The National Residential Landlords Association (NRLA) has launched an initiative to try and head off expected rent controls in Wales.

Its Shadow Wales White Paper sets out how the trade body believes the Welsh private rented sector could be improved, as well as pointing out the defects in the coalition government’s proposed restrictions to rent rises.

These were revealed in November last year but Welsh landlords are still waiting to hear the details of how rent controls would work. This includes whether they would be a rent ‘cap’ or restrictions on rises bound to inflation, the most common types proposed by campaigners.

“The NRLA has long held the view that rent controls of any kind simply do not work and do not have the intended effect of addressing affordability in the private rented sector,” the NRLA document says.

The rent control proposals are an output of the country’s Labour and nationalist party Plaid Cymru coalition, as both parties are keen on rent controls, although recent media coverage points to both sides not seeing eye-to-eye on how they should be implemented.

Longer notice periods

The coalition has also been instrumental in shaping other even more radical measures including new, longer ASTs and longer notice periods, announced earlier this year.

But the NRLA says its own research shows that only 11 per cent of landlords said they planned to increase the number of properties they let out whilst far more, 37 per cent, plan to cut the number they rent out.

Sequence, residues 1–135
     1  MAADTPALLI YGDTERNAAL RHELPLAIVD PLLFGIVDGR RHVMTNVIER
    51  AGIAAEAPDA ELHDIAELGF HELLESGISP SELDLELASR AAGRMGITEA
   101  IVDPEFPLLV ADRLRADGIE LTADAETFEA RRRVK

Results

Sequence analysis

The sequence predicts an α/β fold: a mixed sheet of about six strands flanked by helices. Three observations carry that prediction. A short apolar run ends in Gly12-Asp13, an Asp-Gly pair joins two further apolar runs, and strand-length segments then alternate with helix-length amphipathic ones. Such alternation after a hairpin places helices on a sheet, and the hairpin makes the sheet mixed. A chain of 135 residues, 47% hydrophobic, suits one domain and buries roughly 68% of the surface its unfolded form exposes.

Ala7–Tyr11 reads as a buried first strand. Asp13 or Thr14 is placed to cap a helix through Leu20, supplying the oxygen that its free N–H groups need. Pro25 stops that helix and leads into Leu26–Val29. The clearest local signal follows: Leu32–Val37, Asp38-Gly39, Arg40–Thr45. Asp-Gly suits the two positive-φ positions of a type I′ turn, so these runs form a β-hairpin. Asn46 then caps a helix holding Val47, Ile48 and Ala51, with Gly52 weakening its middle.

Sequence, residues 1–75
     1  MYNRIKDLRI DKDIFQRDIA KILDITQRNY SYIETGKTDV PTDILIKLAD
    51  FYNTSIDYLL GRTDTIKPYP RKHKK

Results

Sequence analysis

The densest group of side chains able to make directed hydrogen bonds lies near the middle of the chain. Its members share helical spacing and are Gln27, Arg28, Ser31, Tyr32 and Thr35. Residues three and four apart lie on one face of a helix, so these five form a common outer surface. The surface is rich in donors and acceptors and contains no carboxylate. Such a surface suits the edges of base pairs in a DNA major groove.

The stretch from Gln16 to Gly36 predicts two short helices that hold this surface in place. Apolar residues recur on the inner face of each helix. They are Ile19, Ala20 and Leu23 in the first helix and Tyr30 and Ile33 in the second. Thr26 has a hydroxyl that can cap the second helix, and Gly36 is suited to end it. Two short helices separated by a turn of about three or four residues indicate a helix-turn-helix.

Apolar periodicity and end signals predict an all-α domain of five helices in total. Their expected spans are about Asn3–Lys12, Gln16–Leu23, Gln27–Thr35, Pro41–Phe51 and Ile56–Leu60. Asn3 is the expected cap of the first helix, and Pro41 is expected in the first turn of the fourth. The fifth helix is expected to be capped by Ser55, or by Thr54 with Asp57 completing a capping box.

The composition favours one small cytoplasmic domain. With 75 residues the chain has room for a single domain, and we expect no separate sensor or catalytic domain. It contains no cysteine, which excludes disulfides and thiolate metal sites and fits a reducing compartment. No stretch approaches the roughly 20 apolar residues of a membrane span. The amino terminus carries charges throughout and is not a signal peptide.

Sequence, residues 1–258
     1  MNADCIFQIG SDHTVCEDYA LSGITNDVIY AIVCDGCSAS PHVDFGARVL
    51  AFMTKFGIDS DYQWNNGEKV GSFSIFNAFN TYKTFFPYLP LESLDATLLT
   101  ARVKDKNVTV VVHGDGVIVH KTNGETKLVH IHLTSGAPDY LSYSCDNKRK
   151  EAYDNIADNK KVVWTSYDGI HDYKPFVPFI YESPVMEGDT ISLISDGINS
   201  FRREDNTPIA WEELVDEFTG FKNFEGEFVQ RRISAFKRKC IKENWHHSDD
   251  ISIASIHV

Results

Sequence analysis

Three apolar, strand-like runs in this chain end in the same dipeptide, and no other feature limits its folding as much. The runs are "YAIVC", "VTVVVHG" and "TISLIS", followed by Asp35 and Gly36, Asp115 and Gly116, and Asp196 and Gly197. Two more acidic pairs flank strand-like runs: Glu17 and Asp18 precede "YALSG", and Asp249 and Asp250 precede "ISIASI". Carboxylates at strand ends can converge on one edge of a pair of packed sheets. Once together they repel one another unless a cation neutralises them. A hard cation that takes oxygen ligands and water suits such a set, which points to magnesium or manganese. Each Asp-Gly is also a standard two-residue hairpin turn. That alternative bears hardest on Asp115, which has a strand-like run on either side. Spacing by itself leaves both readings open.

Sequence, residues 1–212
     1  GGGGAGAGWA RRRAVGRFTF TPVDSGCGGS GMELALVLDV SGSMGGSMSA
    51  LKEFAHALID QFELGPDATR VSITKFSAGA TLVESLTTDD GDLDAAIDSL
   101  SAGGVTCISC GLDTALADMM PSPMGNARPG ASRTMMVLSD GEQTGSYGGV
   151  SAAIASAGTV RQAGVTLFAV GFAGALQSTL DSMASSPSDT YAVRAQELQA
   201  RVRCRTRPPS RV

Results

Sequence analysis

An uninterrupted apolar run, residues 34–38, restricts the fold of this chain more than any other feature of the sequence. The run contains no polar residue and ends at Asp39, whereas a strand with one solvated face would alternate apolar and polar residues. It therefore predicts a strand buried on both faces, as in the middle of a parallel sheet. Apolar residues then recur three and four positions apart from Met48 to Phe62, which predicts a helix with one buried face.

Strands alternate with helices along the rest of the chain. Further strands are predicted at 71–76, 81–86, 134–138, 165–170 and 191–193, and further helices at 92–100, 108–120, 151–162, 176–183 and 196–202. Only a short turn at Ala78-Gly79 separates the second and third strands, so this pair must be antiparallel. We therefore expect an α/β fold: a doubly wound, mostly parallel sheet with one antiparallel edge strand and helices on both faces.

“Our White Paper sets out what must be done in Wales to build a fairer, more inclusive PRS for both tenants and landlords and the damage that outmoded notions of rent control could have on the market,” says Ben Beadle, Chief Executive of the NRLA.

“Ultimately, with affordability and supply issues continuing to dog the Welsh private rented sector, rent controls would exacerbate these ongoing problems and fail to provide a solution fit for the twenty-first century.”

The social sector is already subject to a rent rise cap, which sets out how much social landlords can increase rents each, subject to an annual review, the most recent of which was published recently.


  1. Introducing rent controls is, in itself, disasterous as it chops the supply curve off at a particular rent level, leading to a vast under-supply of all rentals above that price-point.

    Introducing rent controls in a market that already has a deficiency of supply, AND has a current 26% net outflow of suppliers, will be catastrophic – FOR TENANTS!


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